The terrorist attacks in Paris on Friday and the unprecedented wave of refugees arriving in Europe suggest we are experiencing one of those unusual historical phases that occur just once every 50 or 100 years.
The fact is that the postwar years were very generous to the Europeans and us Greeks in particular. We lived through a period of prosperity, stability and peace that made us believe we were on a linear trajectory of progress. Now Europe has found itself under unusual strain. It’s far from certain that it will be able to preserve the characteristics that make it so special: open borders, the image of a soft superpower. Already, its trademark strengths, like the cozy welfare state, are under pressure. Europe has long entered a state of decline and this has been obvious to those who hate the Western way of life and who would love to see the flag of the Caliphate flying over the Elysee Palace. The big foreign policy mistakes of the Europeans and the Americans in Iraq, Libya and Syria appear to have unleashed new historical forces.
It’s disconcerting to see European officials panicking over developments. There are no immediate practical solutions – and they know that. The more pragmatic Americans have given up the obligations stemming from their hegemonic status among Western nations. No one seems to know what the solution is, but panic will eventually impose one, which is worrying. Closed borders, military operations to seal the European coastline, even the destructive concept of a “new crusade” will come on the agenda. Insecurity, combined with the crisis of the middle class, will push the political system to the extremes, to isolationism and perhaps racism. The combination of high risk and lack of solid leadership has always been a cause for concern.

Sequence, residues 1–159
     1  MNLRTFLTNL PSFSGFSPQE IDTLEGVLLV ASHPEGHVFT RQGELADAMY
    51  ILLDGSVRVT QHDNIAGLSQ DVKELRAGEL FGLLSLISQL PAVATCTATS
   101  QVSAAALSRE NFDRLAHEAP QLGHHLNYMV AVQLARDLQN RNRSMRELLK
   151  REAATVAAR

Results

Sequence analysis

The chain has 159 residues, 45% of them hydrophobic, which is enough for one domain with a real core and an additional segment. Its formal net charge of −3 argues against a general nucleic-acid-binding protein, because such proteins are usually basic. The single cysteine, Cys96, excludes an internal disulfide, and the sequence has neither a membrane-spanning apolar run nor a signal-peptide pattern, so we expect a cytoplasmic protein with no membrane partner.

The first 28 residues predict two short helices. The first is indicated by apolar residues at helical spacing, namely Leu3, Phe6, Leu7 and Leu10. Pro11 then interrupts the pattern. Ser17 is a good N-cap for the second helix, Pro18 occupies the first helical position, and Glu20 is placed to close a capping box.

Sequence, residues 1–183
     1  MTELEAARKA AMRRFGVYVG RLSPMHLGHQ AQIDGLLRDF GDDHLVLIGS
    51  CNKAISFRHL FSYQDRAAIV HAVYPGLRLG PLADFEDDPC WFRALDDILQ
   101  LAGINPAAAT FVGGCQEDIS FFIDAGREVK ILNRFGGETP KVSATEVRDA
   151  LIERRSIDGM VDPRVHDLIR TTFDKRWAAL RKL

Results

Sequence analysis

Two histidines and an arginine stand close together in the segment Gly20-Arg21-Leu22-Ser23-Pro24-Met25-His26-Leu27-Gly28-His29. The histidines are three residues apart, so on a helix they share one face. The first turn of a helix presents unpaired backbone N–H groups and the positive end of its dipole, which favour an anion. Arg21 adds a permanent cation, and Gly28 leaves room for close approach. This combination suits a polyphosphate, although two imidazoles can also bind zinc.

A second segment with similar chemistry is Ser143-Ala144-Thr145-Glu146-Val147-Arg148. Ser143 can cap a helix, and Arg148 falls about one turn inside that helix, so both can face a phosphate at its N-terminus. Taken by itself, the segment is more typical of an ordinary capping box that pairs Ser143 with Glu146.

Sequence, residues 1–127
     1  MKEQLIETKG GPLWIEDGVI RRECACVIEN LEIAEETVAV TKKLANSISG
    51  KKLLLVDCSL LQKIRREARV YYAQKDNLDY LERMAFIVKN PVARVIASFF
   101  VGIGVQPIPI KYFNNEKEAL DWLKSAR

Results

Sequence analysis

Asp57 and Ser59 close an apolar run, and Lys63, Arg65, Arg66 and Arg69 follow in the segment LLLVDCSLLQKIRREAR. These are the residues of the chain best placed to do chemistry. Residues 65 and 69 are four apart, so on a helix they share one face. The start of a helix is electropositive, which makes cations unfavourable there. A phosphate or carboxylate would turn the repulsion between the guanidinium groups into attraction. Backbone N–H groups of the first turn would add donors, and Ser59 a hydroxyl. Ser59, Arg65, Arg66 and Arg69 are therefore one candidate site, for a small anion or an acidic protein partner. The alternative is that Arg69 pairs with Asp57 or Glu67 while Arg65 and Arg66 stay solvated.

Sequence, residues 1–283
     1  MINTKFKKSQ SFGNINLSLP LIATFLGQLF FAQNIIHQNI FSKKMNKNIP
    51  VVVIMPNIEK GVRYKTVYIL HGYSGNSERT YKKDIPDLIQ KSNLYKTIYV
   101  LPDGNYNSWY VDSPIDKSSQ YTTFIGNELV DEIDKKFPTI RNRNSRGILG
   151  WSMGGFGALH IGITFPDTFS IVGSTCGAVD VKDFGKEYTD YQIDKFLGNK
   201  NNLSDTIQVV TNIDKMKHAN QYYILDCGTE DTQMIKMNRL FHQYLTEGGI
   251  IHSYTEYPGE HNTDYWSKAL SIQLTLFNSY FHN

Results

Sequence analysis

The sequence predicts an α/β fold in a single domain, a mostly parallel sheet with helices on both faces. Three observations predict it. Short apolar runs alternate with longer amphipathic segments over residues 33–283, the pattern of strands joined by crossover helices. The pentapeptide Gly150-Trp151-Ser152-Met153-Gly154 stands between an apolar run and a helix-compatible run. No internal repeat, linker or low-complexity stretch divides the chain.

It’s too early perhaps to say what all this means for us Greeks. Pressure on the country to control the wave of refugees and boost security will increase. The prime minister and some government officials have long been aware of the dangers involved. In the past Greece would seem an unlikely target. This is no longer certain. In the eyes of the jihadists, Greece is not necessarily different from Denmark or France, and the country’s strategic relationship with Israel has raised eyebrows among extremist elements. The risk is not so much Greek targets, but foreign or soft targets such as hotels and cruise ships.
This is the tactical risk. The strategic one would be a knock-on effect of border closures which would effectively pose Greece with a tough dilemma: Should we close our borders, leading hundreds of people to their death off the country’s coast, or become a holding pen for refugees and migrants with nowhere to go? A tragic dilemma in fact.